‘Coming To America 3’: A more African involvement to promote Africa properly
‘It’s like they used our creative and cultural art scheme of work as a scrap-book guide to make the film’ said Ogechi Obi, a brilliant Junior Secondary School [J.S.S] art student (now in J.S.S 2) in Lagos State. She said this in reference to the film Coming (Two) America (the 2021 ‘American comedy film which serves as a sequel to the 1988 film Coming to America starring Eddie Murphy); which was showcase of some African cultural dresses (and attempt at culture and behavior) etc.
That’s what the likely future critic/screenplay writer youngster observed. What she didn’t observe was what many like Allegra Frank, Dami Ajayi, Ifeanyi Nsofor and Isaac Yao Addae to mention a few did. We will return to what Ogechi’s senior critics observed. For now let’s teleport back to the past and be youngsters again in order to see things from be Ogechi’s viewpoint. What’s in her art scheme of work (and by extensions the newly used J.S.S 2 and 3 scheme-of-works and the one used before) that made her feel that way, rightly or wrongly?
Grab a sit; relax, get a pop-corn and put on Professor Xaiver’s of the Xmen’s headset. Teleportation activated mode; let’s go wonder into the mind of the scheme; vvvvmmm.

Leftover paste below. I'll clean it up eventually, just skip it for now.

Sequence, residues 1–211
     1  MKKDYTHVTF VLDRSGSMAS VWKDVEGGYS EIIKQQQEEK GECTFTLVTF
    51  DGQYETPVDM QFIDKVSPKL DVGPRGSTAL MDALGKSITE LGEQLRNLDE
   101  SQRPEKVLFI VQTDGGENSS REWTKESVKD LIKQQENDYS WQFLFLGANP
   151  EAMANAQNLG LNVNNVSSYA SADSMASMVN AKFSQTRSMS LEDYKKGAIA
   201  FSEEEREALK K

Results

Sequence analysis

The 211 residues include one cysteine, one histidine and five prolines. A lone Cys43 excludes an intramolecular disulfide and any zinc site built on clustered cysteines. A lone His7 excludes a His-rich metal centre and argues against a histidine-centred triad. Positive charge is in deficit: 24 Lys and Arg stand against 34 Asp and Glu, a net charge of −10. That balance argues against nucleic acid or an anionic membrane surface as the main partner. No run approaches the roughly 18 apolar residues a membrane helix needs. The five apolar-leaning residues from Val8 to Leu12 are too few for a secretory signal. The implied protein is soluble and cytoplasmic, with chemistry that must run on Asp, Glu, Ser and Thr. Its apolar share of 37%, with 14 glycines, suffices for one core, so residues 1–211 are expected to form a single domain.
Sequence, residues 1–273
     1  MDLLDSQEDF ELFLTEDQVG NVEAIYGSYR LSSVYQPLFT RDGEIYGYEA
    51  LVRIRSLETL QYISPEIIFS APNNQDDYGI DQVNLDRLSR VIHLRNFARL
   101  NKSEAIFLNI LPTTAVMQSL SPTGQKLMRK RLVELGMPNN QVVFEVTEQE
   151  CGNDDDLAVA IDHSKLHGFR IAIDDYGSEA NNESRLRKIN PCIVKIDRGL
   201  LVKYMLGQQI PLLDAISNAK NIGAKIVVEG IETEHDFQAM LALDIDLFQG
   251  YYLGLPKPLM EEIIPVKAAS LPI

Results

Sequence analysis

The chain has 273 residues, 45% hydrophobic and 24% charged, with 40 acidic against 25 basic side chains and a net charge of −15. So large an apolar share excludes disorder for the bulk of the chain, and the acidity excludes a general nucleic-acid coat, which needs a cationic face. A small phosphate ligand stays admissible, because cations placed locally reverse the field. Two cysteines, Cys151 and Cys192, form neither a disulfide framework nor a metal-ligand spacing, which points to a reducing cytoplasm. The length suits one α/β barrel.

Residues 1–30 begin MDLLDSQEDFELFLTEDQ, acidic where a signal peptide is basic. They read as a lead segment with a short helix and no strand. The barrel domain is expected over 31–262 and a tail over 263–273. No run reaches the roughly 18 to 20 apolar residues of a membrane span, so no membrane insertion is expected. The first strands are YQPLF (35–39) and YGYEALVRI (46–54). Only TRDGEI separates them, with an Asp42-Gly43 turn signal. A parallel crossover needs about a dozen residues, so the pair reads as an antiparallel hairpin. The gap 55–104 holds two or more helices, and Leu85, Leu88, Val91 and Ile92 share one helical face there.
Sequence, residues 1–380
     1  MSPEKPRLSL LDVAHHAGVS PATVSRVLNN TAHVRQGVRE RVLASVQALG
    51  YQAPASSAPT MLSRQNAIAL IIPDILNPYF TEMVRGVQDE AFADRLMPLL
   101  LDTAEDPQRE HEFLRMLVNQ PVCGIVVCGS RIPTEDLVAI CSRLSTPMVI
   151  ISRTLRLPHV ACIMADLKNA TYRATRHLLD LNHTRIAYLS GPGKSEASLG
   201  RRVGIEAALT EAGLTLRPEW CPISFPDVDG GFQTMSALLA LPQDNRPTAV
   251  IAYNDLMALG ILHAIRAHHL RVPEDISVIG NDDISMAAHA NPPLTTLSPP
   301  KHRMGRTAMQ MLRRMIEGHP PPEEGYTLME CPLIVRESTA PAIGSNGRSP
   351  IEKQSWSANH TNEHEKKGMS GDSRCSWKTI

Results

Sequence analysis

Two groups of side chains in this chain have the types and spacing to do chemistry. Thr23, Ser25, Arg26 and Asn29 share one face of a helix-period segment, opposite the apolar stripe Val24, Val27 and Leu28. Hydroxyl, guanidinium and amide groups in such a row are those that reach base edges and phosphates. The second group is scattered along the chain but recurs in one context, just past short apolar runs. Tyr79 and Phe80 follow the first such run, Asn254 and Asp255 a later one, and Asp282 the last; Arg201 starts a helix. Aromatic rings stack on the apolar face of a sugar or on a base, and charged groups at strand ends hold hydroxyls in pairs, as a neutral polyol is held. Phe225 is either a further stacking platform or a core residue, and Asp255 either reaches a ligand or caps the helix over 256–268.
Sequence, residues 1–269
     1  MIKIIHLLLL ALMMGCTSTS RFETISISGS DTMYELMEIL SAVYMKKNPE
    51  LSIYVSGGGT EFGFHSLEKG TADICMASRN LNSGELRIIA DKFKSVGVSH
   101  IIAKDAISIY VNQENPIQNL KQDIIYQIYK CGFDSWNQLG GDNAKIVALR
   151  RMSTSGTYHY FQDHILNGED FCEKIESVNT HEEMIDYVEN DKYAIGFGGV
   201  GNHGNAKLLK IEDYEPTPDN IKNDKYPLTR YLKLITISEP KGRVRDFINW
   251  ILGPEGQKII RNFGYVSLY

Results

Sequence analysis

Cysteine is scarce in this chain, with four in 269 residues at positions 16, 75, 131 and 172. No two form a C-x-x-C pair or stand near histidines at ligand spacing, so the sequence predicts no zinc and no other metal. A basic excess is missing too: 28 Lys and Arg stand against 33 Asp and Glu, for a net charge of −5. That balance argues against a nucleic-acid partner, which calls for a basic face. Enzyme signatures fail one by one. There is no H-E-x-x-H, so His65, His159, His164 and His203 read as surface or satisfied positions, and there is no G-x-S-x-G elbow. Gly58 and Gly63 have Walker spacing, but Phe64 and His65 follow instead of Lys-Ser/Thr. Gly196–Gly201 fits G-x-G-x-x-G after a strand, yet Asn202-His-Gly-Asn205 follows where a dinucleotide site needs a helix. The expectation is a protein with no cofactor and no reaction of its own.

We hover on all the classes to find in random order topics not limited to i. Contemporary dance 1 ii. Contemporary Nigerian Art 1-3 iii. Types and features of Nigerian traditional art 1 & 2 iv. Choreography and Dance 1-4 v. bead work vi. Introduction to embroidery 1& 2 vii. Types of features of Nigerian Art 1-3 viii. ix. Production of pattern—it occurred to us that Ogechi might have also had in mind the scheme of work for the senior classes; thus: i. Visual Arts: Textile Designs, Historical Foundation of Nigerian Arts (200BC – 1900 AD) ii. Music: (Nigerian, African and Western Dance Styles), Pre-colonial African music, Pre-colonial African music (Nigeria) ii. History: Tradition of Origin Various groups, Land and People of Nigeria, The Impact of Migrations war and Politics on Inter Group Relations etc.
The schemes are well designed to groom a well guided teenager to become an international acclaim film director and script writer. If they did use the various scheme-of-works produced by Lagos state and by extension other states and other African countries, they have moved closer to perfection; (I remember back in Kogi state where I schooled, an indigene friend of mine told me how amazed he was when a foreign missionaries translated the bible into Igala language in a matter of [short] years—something he couldn’t do in his over thirty long years or so on Earth.)
Back to Ogechi’s seniors; in Dami Ajayi’s online article; ‘Coming-2-America-The-Trouble-With-Zamunda’, he felt part two ruined part 1; he had issues with Zamunda, which to him ‘appears to be a pre-colonial bubble where royals indulge in stick-fighting with their children before breakfast and princes tweeze the whiskers of malnourished lions to display courage.’ Allegra Frank on ‘his’ part in his article ‘Coming-2-America’s-Disastrous Return to Africa’, he said ‘there are no elephants strolling about like the ones on Akeem’s estate. The languages and the accents vary wildly.’